By R.L. Bynum
If you don’t think that NIL money changes the equation for college basketball players, just listen to center Armando Bacot.
Appearing on the Field of 68 “Goodman & Hummel” podcast with Jeff Goodman and Robbie Hummel on Friday, he admitted that his decision might have been different if NIL (name, image and likeness) money wasn’t available. Bacot announced last week that he would return to UNC for his senior season.
“It would have been close for sure,” Bacot said of the process without NIL money. “This decision was close but it would have been probably even closer. I probably would have maybe landed a little bit more towards leaving.”
The Tar Heels’ run to the national championship game with Bacot putting up double-doubles in all six games didn’t hurt his NIL marketability. He says that UNC’s run has led to lots of players at other schools telling him they’d like to transfer to Carolina.
“It’s just been crazy for all of us just the whole month of March and April,” said Bacot, who led the team in scoring at 16.3 points per game. “Everything went crazy. And this is huge for us. I guess it’s even more of an incentive to win, just seeing how crazy it went in March.”
Bacot said that he tried to avoid making NIL-related appearances during the season, opting for social media posts and commercials, although he did do a few appearances in March. There are so many opportunities and he has to pick and choose.
Goodman was the one who called Carolina soft early in the season, leading Bacot to have harsh words for Goodman during a Final Four press conference. Bacot reiterated during the podcast that Goodman’s words motivated the team.
Years ago, post players such as Bacot, Michigan’s Hunter Dickinson and Kentucky’s Oscar Tshiebwe would have all been sure first-round draft picks. But with the game different now, those players have to diversify their games to draw more attention from NBA scouts.
Coach Hubert Davis told Bacot that he needs to shoot more from the perimeter.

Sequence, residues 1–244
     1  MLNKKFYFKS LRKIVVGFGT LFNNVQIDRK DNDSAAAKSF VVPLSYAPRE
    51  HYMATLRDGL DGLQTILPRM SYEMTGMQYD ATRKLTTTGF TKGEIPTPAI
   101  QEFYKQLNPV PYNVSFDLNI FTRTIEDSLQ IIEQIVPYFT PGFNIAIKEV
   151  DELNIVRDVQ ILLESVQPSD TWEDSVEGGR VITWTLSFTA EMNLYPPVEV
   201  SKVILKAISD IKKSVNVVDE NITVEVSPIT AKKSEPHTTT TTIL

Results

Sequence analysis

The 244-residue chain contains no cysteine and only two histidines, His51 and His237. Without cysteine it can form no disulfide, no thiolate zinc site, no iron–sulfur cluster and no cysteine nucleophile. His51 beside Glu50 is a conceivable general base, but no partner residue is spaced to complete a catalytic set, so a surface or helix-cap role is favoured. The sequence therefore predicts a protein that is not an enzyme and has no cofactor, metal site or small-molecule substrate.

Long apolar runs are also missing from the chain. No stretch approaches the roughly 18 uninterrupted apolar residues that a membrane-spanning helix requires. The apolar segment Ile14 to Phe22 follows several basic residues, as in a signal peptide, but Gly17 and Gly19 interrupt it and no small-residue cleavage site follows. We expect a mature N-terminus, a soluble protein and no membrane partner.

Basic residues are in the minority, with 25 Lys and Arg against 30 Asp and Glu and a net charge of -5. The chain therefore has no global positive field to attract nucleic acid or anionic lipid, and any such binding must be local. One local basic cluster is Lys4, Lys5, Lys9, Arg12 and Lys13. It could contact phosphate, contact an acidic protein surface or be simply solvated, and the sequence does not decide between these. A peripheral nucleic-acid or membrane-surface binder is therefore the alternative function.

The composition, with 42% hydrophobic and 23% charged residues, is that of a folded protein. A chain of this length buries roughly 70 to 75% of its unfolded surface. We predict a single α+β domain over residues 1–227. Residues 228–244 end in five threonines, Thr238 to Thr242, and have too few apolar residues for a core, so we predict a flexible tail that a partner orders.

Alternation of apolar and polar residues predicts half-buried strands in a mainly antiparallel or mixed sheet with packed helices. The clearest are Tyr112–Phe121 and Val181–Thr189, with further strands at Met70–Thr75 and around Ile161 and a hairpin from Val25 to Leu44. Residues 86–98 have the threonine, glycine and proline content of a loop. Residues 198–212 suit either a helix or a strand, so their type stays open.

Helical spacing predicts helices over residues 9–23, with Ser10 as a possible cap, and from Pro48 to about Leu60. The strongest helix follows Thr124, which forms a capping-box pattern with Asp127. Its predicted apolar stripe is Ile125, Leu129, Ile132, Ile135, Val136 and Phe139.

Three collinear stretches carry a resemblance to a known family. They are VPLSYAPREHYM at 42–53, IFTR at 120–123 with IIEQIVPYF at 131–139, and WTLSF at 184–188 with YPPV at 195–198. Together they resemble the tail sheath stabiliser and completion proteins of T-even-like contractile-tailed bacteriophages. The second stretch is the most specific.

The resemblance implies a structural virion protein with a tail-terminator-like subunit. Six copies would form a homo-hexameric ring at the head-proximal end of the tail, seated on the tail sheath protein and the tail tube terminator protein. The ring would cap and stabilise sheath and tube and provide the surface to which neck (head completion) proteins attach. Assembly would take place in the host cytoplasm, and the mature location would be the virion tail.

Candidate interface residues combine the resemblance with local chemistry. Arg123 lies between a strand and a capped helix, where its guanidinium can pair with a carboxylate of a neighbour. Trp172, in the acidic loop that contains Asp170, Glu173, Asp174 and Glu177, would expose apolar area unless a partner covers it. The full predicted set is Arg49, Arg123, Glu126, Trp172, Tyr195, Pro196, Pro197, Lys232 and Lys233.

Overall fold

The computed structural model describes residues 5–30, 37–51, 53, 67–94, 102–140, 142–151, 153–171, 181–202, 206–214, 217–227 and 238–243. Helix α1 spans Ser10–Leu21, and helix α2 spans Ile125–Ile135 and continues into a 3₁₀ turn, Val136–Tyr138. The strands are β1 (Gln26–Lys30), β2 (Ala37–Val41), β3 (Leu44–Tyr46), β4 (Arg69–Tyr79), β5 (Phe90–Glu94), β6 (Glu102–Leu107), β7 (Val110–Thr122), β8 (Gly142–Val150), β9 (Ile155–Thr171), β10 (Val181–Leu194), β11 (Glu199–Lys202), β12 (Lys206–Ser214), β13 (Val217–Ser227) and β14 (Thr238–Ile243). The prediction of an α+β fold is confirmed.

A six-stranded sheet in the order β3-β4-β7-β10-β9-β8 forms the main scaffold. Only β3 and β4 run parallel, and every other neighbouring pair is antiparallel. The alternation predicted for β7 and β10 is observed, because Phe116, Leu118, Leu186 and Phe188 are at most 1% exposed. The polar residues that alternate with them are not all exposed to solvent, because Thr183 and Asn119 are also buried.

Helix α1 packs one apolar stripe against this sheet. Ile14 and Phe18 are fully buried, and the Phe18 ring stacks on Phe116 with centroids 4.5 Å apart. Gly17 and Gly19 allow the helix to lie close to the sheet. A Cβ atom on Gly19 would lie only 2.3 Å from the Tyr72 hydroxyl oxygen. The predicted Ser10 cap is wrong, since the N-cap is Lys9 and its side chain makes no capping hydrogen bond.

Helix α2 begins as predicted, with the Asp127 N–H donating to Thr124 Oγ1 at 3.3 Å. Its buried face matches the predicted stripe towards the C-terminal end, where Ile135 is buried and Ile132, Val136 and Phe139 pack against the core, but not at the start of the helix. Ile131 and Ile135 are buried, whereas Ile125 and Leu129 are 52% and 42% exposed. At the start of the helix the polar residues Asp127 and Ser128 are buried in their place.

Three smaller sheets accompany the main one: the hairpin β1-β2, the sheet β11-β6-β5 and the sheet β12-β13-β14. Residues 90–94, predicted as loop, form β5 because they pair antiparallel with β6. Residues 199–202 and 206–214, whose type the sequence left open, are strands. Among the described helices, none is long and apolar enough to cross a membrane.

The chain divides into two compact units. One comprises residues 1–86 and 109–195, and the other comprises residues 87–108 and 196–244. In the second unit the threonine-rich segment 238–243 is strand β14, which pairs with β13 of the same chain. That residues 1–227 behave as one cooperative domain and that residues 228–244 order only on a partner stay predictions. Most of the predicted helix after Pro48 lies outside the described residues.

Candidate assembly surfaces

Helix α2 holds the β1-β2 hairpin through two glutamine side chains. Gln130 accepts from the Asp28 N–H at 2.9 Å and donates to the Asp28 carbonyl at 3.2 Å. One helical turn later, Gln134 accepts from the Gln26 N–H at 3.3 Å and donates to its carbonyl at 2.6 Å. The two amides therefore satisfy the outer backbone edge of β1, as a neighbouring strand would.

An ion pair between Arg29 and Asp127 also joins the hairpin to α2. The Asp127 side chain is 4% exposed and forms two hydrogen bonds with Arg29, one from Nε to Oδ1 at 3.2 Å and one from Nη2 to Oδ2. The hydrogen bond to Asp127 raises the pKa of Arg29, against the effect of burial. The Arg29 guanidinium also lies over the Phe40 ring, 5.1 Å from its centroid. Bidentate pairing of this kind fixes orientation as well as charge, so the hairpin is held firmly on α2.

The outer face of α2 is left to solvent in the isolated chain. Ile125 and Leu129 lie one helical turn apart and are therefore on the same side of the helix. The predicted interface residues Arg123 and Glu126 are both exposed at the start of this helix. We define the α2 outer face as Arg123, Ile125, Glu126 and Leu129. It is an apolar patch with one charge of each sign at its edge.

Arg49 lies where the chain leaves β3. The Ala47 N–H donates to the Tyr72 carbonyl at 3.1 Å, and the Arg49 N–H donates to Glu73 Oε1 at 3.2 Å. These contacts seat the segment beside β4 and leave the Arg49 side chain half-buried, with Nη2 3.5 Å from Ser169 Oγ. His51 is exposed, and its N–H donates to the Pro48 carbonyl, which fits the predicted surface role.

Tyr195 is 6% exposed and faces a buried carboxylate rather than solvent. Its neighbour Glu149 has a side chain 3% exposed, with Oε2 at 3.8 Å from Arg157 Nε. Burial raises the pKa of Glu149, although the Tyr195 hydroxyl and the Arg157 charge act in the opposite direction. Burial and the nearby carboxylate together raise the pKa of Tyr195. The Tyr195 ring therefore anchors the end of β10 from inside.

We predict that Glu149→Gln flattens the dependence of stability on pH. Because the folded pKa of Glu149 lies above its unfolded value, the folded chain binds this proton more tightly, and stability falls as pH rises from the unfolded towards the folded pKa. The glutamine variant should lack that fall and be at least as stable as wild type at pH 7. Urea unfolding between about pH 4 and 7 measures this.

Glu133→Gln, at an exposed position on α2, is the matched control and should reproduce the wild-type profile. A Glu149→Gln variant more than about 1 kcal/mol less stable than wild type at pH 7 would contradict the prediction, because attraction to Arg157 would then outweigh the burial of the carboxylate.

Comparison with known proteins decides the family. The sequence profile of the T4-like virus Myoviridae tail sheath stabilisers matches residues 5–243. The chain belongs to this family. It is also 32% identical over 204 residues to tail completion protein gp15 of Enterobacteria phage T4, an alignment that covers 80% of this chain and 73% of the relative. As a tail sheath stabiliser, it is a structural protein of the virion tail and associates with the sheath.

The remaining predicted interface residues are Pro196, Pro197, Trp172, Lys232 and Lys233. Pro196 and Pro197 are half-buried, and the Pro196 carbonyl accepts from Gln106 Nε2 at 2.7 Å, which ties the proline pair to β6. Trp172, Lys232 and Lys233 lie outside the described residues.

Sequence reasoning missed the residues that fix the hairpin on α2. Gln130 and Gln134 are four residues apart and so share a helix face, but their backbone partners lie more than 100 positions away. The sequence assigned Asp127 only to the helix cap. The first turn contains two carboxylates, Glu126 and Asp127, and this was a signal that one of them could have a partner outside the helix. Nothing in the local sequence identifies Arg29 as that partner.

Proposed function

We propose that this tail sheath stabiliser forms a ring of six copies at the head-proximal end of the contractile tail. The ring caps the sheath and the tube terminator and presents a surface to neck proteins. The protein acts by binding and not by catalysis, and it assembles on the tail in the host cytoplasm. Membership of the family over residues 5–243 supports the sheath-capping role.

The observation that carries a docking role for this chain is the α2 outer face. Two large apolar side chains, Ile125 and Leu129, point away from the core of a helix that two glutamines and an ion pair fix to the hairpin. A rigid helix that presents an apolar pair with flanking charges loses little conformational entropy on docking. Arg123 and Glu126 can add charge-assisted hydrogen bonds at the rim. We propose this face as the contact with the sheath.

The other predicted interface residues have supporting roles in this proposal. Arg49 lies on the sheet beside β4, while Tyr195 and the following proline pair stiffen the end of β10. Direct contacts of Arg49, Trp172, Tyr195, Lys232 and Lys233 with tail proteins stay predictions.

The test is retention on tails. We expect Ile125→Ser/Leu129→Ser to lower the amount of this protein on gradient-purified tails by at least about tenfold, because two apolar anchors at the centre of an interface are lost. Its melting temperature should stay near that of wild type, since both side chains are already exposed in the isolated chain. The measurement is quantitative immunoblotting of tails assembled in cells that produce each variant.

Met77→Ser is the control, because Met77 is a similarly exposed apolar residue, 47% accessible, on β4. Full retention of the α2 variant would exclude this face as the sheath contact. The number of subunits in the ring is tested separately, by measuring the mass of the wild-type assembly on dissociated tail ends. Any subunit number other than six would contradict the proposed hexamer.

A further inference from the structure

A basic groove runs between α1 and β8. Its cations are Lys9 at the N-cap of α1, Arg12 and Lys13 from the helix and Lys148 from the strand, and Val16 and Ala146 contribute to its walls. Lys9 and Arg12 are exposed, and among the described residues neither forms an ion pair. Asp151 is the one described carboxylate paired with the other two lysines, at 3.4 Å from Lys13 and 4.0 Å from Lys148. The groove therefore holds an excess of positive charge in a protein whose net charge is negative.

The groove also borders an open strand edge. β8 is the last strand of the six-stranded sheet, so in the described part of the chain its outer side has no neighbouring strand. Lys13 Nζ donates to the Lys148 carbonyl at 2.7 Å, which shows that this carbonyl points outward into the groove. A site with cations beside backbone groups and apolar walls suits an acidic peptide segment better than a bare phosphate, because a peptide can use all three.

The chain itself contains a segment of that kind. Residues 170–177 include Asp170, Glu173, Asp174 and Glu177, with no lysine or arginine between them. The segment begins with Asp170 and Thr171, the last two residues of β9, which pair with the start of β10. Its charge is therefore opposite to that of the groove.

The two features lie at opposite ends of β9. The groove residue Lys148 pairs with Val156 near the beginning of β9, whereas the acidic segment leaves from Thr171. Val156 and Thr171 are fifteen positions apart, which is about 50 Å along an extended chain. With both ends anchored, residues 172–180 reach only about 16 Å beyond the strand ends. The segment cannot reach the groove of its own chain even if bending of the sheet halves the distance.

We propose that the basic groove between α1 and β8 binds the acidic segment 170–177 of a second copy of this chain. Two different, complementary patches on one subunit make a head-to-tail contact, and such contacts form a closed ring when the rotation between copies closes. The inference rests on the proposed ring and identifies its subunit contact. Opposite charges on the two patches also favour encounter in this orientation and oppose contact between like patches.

“That’s actually what he said to me,” Bacot said. “He was like, I couldn’t come back if I wouldn’t make the jumper, start shooting more and more 3s. Once I get healthy I will be.”
Regarding his health, he said that his recovery will probably go for a few more weeks and that his right ankle was in bad shape. The play late in the national championship game when he hit the court still makes him scratch his head.
“I was just weird because I saw the video and it just didn’t look like something that should happen like on a game-ready court,” Bacot said. “It kind of definitely threw me off after the game when I saw it because I thought I had a good angle and I thought I had a good chance of making the shot just because [David McCormack] had four fouls and I know he didn’t want to pick up the fifth foul.
“And I just thought I had a good angle and then I just took that step and then my ankle just twisted,” Bacot said. “And I didn’t think I did anything wrong. I knew the right ankle was weak but I thought I was in a good place but I guess that was one of those things where we’ll never know.”
Bacot said that his rebounding picked up under Coach Davis’ new system with more spacing on the court.
“Last year, just playing with all those bigs, I feel like my numbers definitely weren’t, as far as rebounding, to where I knew they could be. Coming in this year I told Coach [Sean] May, I honestly think I can average about 13 rebounds,” said Bacot, who averaged 13.1. “I feel like I just really fell in love with rebounding ever since I’ve been at UNC and it’s one of the things I feel like that’s what I’m great at. I wanted to find something that I could really be great at. I feel like rebounding, that’s my niche.”
Like everybody else, he’s waiting to see whether teammate Caleb Love will decide to return for another college season or turn pro.
“It’s going to definitely be his decision,” Bacot said. “We hope that he comes back. But, even in the transfer portal, everybody wants to come to UNC. Some of the guys that have hit me up, you wouldn’t even believe — high-level guys want to come to UNC. But we have no scholarships.”
It sounds like even if Love decides to turn pro, Carolina has a chance to bring in a star to fill his roster spot.
Photo via @UNC_Basketball